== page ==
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Print Edition> World
UPDATED: January 28, 2013 NO. 5 JANUARY 31, 2013
Walking a Fine Line
France desires to renew its influence in Mali
By He Wenping

The reason why France sent troops to Mali on January 11 was that the rebels in north Mali captured Konna, a town of strategic importance for Bamako, the country's capital. The capture put the fragile Malian Government in a difficult position. After receiving a request to intervene by the interim Malian President Dioncounda Traore, France helped to recapture the important town.

This result showed that the direct intervention by French troops changed the conditions in Mali by preventing Bamako from being conquered by the rebels, halting the impetus of Islamic extremists driving the war to south Mali. More importantly, the action increased France's influence in Africa and consolidated its status in Africa as a world power. It was reported that after the Malian Government recaptured Konna, local people were seen waving the French flag and celebrating.

Current French President Francois Hollande is widely considered to be the French president with the least interest in Africa. In Mali, he was initially reluctant to get involved. At the 14th Summit of Francophone Countries held in October 2012, he stressed that the crisis should be solved through UN resolutions and that West African countries should help out militarily in the north. He pledged that France would provide logistical support for their intervention, but would not directly send troops there. But now, Hollande changed his low-key stance and dispatched French troops. The major reason behind the action is the long-lasting historical connection between Africa and France.

Africa is the region most influenced by France and since the Charles de Gaulle administration (1959-69), Africa has been seen as a "forward base" that supports France's status as a world power. Maintaining its special interests in Francophone countries is the core of its Africa policy.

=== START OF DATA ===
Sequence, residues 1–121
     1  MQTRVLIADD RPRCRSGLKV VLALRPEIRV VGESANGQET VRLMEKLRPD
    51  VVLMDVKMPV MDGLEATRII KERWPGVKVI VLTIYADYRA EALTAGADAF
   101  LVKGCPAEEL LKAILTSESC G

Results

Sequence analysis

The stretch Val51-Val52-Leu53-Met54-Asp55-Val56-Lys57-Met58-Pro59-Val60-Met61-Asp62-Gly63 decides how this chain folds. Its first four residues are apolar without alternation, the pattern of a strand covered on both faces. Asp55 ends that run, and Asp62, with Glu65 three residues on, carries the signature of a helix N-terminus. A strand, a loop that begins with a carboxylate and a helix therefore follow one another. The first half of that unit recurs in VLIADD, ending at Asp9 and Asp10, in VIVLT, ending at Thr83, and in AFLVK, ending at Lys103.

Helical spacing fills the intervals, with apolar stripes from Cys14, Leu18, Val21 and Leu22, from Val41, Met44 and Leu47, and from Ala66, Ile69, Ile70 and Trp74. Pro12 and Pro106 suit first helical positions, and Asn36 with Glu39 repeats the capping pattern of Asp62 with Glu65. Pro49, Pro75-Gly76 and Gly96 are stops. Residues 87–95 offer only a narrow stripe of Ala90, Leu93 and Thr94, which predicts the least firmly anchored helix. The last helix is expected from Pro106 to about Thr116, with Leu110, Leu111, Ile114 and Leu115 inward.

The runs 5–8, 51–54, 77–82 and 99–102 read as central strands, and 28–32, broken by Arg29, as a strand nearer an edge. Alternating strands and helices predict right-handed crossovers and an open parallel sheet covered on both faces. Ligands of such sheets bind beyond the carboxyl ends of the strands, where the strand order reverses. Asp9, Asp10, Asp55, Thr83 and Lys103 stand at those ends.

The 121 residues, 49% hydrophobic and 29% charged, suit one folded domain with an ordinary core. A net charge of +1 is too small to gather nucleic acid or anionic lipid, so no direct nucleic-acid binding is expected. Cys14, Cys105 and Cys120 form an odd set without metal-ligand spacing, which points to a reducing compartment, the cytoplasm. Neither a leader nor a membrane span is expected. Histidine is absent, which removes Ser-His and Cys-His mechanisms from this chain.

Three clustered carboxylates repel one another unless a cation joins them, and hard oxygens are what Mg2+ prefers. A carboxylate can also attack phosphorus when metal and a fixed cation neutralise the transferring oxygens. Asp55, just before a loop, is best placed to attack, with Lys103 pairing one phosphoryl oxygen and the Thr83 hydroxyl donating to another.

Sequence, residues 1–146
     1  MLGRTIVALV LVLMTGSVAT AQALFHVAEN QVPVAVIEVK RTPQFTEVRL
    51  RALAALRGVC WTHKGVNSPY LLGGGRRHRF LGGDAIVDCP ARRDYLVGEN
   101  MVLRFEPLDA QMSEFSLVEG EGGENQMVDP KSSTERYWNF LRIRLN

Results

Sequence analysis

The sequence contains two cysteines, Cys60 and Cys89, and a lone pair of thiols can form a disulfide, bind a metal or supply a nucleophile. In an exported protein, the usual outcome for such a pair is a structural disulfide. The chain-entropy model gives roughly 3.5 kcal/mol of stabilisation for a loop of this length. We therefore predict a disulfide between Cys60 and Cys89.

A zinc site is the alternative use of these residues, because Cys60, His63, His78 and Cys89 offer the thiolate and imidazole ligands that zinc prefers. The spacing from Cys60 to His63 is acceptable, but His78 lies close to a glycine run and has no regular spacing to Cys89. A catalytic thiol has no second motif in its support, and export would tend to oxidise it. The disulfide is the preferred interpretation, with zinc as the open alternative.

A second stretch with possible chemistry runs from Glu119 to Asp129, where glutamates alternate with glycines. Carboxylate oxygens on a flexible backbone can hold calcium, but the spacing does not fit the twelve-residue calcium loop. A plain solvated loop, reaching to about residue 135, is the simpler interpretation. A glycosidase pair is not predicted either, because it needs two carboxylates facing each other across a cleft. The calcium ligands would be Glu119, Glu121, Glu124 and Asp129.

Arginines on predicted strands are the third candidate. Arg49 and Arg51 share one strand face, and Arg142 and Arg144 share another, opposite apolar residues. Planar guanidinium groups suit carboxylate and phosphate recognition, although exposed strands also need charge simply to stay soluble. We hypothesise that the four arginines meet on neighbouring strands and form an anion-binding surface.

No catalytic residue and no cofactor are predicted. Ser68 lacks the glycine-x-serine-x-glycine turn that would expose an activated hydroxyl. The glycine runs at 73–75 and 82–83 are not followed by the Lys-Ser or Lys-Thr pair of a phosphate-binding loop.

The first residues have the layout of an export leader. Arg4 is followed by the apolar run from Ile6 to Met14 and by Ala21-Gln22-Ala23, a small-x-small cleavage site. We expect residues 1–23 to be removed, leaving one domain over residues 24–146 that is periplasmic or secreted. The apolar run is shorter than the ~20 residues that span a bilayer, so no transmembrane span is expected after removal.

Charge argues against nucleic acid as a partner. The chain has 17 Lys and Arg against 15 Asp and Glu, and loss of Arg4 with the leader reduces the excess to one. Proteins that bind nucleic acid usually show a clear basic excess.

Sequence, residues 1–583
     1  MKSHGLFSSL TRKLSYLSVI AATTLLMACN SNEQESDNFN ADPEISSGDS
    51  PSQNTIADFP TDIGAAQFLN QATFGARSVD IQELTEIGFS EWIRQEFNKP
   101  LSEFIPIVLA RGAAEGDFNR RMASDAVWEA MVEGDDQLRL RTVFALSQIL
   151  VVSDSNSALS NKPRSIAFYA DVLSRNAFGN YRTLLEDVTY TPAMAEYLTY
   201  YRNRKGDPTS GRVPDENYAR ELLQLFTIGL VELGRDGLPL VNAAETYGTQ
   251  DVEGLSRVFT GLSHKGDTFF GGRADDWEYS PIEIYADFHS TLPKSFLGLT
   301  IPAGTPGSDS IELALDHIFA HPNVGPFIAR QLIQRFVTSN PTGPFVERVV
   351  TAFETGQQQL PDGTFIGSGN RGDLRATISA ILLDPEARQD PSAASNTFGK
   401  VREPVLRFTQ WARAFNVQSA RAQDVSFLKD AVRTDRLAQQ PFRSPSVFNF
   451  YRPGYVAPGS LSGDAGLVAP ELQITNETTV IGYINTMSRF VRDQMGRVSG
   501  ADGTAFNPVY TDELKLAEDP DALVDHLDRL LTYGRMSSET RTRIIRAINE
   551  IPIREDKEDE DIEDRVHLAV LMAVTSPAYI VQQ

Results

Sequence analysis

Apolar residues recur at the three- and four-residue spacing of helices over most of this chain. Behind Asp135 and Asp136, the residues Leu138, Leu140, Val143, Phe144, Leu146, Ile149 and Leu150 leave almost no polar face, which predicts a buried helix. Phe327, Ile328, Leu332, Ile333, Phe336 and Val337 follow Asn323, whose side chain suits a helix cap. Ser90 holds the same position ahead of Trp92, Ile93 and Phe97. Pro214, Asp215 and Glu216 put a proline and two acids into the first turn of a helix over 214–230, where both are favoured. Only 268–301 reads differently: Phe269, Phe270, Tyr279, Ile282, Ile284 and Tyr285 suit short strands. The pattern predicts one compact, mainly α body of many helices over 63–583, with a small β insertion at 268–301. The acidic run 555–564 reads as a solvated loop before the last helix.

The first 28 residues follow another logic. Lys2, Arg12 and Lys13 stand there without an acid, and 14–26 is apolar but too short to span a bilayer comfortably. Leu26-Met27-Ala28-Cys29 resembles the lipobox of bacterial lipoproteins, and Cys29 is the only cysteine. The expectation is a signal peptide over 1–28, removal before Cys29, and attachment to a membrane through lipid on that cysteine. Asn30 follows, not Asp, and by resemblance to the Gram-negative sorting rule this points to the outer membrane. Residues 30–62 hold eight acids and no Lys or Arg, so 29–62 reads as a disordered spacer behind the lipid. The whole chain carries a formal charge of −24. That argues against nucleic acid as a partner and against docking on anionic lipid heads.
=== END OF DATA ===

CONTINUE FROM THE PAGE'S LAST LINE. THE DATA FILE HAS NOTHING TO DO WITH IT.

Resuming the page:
France has long maintained its relations with African countries through the following four channels: personal friendships among state leaders and the France-Africa Summit; development aid to Africa and economic and financial control over African countries, especially the Francophone countries; France-Africa cultural cooperation to maintain and expand the influence of the French language in Africa; and military intervention and presence in Africa.

In recent years, with the weakening of these channels, France's influence in Africa has declined. In order to renew this influence, France, which is now experiencing a debt crisis along with other European countries, has to pursue a military option. Thus, it is easy to understand why the Nicolas Sarkozy administration actively interfered in the war in Libya and the civil war caused by general elections in Cote d'Ivoire. Hollande has followed suit.

One of the negative effects of France sending troops to Mali is that it unconsciously reminds many people of France's status as "Africa's gendarme" during the colonial period. The French Government explained that its military intervention was in response to a request by the Malian Government to put down the rebellion. However, when the Government of the Central African Republic was attacked by rebels, and subsequently asked France for help, the European power refused. In this sense, "Africa's gendarme" employs double standards when dealing with African affairs.

Moreover, military intervention in Mali places a big strain on France economically. France will face increased expenditures on its own homeland security and the threat of terrorist attacks at home because of its military action in Africa. Currently, Islamic extremists in north Mali and Somalia, and the Taliban, have threatened to retaliate against France by launching terrorist attacks, saying that all French people in the Muslim world are responsible for France's military action in Mali. Ultimately, some international observers believe France might become stuck in the mire of the Mali crisis and might not be able to get out easily, similar to the U.S. situation in Afghanistan.

The author is a research fellow of African studies with the Institute of Western Asian and African Studies at the Chinese Academy of Social Sciences

Email us at: yanwei@bjreview.com

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